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Encyclical of Archbishop Demetrios for the Feast of the Annunciation and Greek Independence Day

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  • Mar 15, 2006

    The Feast of the Annunciation
    Greek Independence Day


    To the Most Reverend Hierarchs, the Reverend Priests and Deacons, the Monks and Nuns, the Presidents and Members of the Parish Councils of the Greek Orthodox Communities, the Day, Afternoon, and Church Schools, the Philoptochos Sisterhoods, the Youth, the Hellenic Organizations, and the entire Greek Orthodox Family in America

    Beloved Brothers and Sisters in Christ,

    On this blessed Feast of the Annunciation, which comes to us in the midst of the Holy Lenten season, we are given the opportunity to celebrate a beautiful and spiritually significant event in the history of salvation. We commemorate the visit of the Archangel Gabriel to the Virgin Mary, his announcement of the Incarnation of the Son of God, her acceptance of the divine will to be the "God-bearer," and the conception of the Savior as an expression of the love of God for humankind. We celebrate this Feast in joy and thanksgiving, for it was at this moment in time when God entered into our humanity through the Virgin Mary.

    In this miraculous event God bestowed a unique and timeless blessing upon the Virgin Mary. She had "found favor with God", and she was chosen to be the mother of the "Son of the Most High whose kingdom shall have no end" (Luke 1:30,33). It is evident from the Gospel account of the Annunciation, though, that God's choice was dependent upon another choice, that of the Virgin. When presented with the words of the angelic messenger, she had to choose to accept the divine will and to be a willing participant in the Incarnation. This she did by replying, "Behold, I am the handmaid of the Lord; let it be to me according to Your word" (1:38). This choice was made possible by her purity of heart and mind. Because of her deep love for God, her knowledge of His commandments, and her holiness of life, the Virgin Mary was able to recognize the message of truth conveyed by the Archangel and to commit her life to the fulfillment of such a wondrous message expressing the will of God. As a result, the words of the Archangel to the Virgin, "The Holy Spirit will come upon you and the power of the Most High will overshadow you; therefore, also, the Holy One to be born will be called the Son of God" (Luke 1:35), became a reality.

    The event of the Annunciation and the choice made by the Theotokos serve as an example to each and every one of us, as we are challenged daily to choose the will of God for our lives. Certainly, our choices are not of the nature nor the magnitude of the one that was offered to the Virgin Mary through divine revelation. However, her holiness of life and her recognition of truth serve as a model that we should strive to emulate. During this time of Holy and Great Lent and throughout all of our lives, we should labor for purity of heart and mind through prayer, worship, fasting and complete dedication to God, so that we might know His will and be prepared, as the Theotokos was, to consent to it. What great blessings and deeds might God accomplish in and through our lives; what transformations might occur in our homes, families, parishes, and in the world if we are willing to serve when God calls, if we are ready to obey His Holy will!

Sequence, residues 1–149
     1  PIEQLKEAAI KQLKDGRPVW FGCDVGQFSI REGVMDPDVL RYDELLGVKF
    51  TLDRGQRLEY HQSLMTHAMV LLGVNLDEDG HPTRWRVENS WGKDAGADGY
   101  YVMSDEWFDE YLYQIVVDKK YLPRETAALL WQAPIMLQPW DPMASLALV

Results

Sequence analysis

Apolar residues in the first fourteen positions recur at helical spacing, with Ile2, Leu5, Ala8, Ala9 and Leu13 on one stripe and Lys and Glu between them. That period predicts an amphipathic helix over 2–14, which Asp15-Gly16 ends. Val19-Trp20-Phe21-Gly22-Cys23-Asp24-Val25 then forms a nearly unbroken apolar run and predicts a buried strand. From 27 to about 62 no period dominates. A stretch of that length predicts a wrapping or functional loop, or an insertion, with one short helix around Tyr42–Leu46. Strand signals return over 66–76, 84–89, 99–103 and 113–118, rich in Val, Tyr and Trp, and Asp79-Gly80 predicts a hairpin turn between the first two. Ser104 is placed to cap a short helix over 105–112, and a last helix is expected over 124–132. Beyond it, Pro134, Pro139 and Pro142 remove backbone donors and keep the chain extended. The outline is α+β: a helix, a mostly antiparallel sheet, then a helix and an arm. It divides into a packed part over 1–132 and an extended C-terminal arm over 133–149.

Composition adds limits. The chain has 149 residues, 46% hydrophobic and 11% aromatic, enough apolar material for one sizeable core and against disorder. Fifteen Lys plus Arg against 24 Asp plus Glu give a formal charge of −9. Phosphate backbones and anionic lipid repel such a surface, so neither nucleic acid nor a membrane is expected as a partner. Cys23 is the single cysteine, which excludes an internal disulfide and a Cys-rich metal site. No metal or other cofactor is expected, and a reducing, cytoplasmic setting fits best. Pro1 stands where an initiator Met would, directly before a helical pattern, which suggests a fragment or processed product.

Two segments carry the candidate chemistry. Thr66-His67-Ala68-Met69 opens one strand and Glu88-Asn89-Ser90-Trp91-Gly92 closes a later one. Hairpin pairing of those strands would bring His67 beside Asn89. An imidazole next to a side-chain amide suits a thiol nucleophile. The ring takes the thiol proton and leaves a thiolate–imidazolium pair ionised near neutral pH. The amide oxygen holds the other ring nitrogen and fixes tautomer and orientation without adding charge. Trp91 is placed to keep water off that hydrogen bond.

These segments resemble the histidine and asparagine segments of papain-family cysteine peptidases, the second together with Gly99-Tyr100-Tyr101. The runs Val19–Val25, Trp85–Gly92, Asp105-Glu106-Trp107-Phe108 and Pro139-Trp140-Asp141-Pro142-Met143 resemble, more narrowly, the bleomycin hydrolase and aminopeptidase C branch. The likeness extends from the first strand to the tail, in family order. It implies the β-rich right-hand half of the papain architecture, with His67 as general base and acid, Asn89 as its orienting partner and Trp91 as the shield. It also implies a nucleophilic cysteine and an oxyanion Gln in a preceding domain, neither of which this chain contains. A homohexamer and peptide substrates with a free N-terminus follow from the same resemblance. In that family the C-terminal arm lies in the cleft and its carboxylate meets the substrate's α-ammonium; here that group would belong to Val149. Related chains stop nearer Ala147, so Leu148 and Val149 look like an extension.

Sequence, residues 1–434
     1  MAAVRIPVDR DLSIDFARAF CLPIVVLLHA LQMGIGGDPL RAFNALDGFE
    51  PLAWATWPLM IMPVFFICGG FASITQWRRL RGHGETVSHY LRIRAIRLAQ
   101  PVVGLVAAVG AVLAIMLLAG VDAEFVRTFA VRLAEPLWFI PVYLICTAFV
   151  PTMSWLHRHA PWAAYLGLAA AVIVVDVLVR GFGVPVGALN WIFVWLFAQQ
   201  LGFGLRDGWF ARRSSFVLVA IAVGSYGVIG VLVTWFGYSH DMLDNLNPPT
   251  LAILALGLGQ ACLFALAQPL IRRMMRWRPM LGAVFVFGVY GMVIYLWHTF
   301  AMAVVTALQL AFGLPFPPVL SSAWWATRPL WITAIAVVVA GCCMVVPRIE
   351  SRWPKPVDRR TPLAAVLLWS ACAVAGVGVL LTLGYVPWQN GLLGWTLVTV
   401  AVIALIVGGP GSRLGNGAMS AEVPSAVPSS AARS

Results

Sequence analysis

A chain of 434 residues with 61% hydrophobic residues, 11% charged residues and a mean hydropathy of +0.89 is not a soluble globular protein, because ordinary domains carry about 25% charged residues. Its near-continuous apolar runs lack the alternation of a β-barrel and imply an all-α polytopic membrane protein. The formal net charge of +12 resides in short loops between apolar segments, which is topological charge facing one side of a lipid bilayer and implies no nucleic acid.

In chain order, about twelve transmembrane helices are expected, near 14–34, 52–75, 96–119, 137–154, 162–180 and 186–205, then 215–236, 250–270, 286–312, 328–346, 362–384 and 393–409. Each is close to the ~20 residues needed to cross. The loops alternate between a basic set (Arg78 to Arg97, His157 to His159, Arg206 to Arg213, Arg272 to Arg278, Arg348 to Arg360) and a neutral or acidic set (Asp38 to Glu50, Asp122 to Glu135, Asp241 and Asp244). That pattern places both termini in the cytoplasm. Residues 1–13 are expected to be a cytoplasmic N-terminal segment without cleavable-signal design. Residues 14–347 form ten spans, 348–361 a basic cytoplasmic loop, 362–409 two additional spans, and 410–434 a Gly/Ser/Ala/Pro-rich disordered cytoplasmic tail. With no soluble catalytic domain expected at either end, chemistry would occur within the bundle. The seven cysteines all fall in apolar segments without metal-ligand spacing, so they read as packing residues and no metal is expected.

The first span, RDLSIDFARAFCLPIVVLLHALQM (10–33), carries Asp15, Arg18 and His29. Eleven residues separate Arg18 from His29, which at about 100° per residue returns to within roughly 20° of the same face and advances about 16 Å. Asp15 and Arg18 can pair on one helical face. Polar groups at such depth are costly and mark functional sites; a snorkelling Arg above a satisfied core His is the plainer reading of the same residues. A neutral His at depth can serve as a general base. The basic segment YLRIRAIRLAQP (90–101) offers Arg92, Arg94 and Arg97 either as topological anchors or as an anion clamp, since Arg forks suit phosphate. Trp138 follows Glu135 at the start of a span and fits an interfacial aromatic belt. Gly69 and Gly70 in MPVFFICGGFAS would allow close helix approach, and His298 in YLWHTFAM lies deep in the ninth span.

Assuredly, the magnitude of the choice and faith of the Theotokos was in the hearts of the many courageous people of Greece in 1821, when they engaged in the struggle that would give them their independence from Ottoman rule. It is fitting that the beginning of this struggle and our celebration of Greek Independence Day should complement this great Feast of our Holy Orthodox Church. For Hellenes who had endured centuries of occupation and had experienced physical, spiritual, intellectual, economic, and social oppression, their struggle was a choice founded upon a desire for liberty, the recognition of human dignity, and the conditions for securing the well-being of future generations. They knew that all of these ideals, together with the freedom to share and proclaim their faith openly, were in keeping with the divine will. Thus, inspired by the sacrifices of so many who had suffered, the people of Greece, strengthened by their faith in God, made a choice that affirmed their heritage and their destiny, and granted them freedom.

    As we commemorate both the Feast of the Annunciation and the Day of Greek Independence, we are led by the examples of the Theotokos and our forefathers to contemplate our commitment to the will of God and our preparedness to choose His will. In a world filled with choices, we are challenged to adhere to what is holy and upholds life, to discern what is truth and what is worthy of our commitment. Even in the most difficult circumstances of life, we can be assured that through prayer and purity of heart and mind we will know the will of God, and that we will be able to choose what is true, enduring, and leads to salvation.

    May the strength of our Lord, through the intercessions of His Holy Mother and Theotokos, be with each of us in the remainder of the Lenten journey as we strive to purify our hearts and minds, and as we make ourselves more and more ready to conform to the holy will of God.

    With paternal love in Christ,


    +DEMETRIOS
    Archbishop of America

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